Manufacturing (part of cost) #accounting has been designed to let production managers, planners, operations and financial controllers know what went well or wrong in their production #processes. It shows them where the value-added processes delivered against expected performance and where there are further opportunities for maximizing #efficiency. It is a systematic tool that can be refined and once understood can be expanded far beyond the example below (see picture).
The main advantage it has is that this concept allocates the #overhead by using cost drivers into different measurable sections, also known as variances. These variances result from differences between standard and actual cost and can pinpoint where the over or under-spend occurred, even sometimes down to machine level. A manufacturing location can have cost drivers defined at a plant level but more sophisticated manufacturing sites have either activity based costing or multiple overhead rates at their key production points.
In summary having a robust and refined #manufacturing accounting process has the following benefits:
- Helps maximize the efficiency of your workforce, production lines or plant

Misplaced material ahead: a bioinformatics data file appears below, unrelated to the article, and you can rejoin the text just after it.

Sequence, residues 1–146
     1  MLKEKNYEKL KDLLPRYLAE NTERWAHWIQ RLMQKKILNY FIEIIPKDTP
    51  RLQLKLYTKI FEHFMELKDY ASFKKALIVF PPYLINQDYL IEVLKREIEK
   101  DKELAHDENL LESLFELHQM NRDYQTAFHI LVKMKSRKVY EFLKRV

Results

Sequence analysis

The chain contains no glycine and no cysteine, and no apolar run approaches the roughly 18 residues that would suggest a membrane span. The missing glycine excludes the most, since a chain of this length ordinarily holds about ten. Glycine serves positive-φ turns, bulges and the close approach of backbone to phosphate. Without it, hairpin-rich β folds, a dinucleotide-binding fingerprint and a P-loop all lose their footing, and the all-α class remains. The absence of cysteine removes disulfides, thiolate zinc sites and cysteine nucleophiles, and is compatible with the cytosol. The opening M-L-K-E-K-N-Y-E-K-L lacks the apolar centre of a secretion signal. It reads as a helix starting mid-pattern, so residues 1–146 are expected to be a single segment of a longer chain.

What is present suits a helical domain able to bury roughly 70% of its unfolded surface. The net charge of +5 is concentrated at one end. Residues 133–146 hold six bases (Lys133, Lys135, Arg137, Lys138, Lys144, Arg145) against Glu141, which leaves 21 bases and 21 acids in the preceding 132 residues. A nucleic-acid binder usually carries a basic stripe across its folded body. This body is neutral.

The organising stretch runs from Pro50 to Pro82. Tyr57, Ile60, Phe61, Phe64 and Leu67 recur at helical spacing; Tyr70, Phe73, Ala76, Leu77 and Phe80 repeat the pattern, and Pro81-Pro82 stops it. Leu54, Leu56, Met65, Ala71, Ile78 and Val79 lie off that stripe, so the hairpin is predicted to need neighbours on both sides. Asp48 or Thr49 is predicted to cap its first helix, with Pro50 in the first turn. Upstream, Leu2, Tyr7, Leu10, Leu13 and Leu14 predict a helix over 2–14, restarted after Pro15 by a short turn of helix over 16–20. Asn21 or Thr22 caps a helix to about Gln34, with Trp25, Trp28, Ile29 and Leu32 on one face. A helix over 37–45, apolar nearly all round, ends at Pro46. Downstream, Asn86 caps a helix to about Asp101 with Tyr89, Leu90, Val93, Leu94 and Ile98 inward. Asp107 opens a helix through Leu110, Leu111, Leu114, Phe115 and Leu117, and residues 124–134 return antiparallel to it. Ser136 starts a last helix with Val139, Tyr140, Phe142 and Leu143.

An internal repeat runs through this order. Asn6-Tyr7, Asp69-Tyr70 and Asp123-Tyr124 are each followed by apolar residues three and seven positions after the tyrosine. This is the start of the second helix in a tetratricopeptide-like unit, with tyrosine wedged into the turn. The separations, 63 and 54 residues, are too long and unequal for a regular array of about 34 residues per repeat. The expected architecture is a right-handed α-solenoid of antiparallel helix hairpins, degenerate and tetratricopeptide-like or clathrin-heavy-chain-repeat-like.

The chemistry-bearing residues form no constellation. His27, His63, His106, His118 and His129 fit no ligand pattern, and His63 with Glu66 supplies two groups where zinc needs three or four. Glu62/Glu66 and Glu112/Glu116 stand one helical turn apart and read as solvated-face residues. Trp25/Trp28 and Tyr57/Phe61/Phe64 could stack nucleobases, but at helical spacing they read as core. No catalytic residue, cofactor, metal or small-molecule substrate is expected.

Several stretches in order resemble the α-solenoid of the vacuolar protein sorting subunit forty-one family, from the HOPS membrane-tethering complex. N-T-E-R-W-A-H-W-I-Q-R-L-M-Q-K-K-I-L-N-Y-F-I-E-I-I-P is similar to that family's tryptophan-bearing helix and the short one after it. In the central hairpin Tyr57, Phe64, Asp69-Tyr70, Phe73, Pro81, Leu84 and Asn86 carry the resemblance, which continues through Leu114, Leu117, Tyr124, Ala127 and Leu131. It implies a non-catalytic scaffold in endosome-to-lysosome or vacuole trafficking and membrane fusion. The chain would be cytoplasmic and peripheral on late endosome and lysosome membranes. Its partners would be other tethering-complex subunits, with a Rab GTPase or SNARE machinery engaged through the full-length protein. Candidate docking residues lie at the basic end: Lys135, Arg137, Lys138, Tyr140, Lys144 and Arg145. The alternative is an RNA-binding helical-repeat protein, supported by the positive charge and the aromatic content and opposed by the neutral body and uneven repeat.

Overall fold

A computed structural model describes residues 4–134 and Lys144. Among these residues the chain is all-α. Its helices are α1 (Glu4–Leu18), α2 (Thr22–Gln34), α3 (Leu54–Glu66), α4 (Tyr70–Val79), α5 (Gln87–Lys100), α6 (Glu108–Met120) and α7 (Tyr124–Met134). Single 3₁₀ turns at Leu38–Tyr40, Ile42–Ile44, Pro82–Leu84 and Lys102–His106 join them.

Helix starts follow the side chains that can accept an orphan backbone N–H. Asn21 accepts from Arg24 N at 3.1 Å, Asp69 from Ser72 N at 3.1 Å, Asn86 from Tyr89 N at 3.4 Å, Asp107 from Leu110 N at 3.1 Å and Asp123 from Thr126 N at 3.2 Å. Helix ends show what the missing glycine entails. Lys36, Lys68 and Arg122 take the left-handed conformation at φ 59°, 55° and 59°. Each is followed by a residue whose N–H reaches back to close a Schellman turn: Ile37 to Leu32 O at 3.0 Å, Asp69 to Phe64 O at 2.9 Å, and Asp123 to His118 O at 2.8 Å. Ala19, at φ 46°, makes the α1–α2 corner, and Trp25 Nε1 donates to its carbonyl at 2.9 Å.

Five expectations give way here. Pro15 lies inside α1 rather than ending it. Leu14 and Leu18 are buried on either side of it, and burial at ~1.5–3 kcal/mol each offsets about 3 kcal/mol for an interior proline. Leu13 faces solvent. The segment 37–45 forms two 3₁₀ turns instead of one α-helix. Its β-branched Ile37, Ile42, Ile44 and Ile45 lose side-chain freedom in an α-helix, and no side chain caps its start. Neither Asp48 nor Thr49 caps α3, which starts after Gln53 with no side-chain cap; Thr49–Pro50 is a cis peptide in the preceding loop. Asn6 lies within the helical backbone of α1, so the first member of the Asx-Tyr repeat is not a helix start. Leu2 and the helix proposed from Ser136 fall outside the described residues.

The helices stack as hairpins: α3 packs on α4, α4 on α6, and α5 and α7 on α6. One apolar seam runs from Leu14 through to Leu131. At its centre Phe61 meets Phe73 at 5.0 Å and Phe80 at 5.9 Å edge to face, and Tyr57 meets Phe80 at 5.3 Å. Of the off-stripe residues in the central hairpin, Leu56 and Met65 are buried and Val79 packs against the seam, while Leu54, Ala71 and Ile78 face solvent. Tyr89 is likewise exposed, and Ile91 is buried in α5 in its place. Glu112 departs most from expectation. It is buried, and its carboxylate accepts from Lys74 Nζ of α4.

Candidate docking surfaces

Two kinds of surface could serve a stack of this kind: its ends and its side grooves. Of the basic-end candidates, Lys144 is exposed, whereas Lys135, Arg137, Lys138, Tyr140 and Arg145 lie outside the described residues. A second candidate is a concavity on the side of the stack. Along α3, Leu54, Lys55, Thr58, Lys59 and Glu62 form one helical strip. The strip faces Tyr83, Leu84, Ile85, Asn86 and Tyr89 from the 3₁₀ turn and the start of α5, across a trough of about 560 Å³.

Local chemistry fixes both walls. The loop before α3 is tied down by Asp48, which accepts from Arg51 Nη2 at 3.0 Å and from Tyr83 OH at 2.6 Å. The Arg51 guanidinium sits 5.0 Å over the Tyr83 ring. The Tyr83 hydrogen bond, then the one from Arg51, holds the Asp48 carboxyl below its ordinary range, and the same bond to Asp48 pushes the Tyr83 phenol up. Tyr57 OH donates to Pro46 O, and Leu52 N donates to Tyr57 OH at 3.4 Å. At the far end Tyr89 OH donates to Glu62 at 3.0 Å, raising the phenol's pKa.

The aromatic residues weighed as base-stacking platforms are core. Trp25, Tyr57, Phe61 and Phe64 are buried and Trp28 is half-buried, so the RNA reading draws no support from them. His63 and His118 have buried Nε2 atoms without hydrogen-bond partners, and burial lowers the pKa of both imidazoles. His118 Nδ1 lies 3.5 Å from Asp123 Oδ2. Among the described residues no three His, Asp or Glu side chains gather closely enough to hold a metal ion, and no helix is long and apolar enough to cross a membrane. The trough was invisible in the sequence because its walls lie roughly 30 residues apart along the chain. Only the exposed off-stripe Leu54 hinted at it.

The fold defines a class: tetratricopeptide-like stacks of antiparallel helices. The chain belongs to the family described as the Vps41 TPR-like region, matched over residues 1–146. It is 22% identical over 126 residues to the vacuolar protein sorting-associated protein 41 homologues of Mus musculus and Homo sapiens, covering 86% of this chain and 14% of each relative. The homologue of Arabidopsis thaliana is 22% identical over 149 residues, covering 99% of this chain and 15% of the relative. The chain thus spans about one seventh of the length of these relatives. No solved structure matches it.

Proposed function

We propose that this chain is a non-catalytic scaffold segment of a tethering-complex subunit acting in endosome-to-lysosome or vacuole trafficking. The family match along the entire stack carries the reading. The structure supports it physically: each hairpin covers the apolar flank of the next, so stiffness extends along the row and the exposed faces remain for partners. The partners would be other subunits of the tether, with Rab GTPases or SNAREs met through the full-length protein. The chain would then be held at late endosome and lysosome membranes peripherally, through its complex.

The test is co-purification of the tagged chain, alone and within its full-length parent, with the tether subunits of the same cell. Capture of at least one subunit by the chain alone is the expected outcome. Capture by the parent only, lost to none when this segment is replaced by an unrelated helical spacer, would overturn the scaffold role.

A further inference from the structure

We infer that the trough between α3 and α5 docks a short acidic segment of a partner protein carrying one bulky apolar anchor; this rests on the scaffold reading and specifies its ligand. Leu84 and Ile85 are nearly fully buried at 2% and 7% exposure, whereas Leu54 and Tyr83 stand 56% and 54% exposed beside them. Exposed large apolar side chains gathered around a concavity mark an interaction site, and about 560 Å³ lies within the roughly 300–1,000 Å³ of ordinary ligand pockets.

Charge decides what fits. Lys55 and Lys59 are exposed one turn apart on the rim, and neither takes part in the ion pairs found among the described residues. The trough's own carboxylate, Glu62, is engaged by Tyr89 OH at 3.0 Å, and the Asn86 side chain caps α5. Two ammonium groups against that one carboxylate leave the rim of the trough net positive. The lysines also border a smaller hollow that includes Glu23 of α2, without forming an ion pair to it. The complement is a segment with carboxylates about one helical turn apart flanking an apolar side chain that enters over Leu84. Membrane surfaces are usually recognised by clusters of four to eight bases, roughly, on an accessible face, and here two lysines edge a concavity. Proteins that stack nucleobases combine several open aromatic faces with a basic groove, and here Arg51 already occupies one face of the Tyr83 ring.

- Overhead is allocated based on #cost-drivers allowing for a fair allocation t
- Offers insights in your capacity model
- Allows you to compare to a baseline (standard costing)
- Basis for #decision making
- Focuses on added-value processes (waste reduction)
Main condition is that you have a good management/cost accounting system that allows you to track these activities and an engaged management team that drives performance on variances.
We will devote some more time on the different variances that can occur in a production process and how this can link with Activity Based Costing but for now this should give you a high level tool to understand the basics of manufacturing accounting (again you can make it more complex by expanding your #overhead allocation to any cell on your production floor):
Work in Progress (Balance Sheet) Debit Credit Standard Material Cost x Actual Material Used Standard Material Cost x Actual Materialerial Used Standard Rate x Actual Labor Hours Used Standard Rate x Actual Labor Hours Used Standard OH Rate x Actual Labor Hours Standard OH Rate x Actual Labor Hours Finished Goods (Balance Sheet) Debit Credit Standard Cost x Quantity Produced Standard Cost x Quantity Sold Cost of Goods Sold (Profit & Loss) Debit Credit Standard Cost x Quantity Sold Sales Debit Credit Selling price x Quantity (excl. VAT) Accounts Receivables Debit Credit Selling price x Quantity (incl. VAT) Actual Spend During the Year Works order is issued, parts are picked and produced Works order is completed, parts are produced Sales is made: record the cost of sale Sales is made: record the sale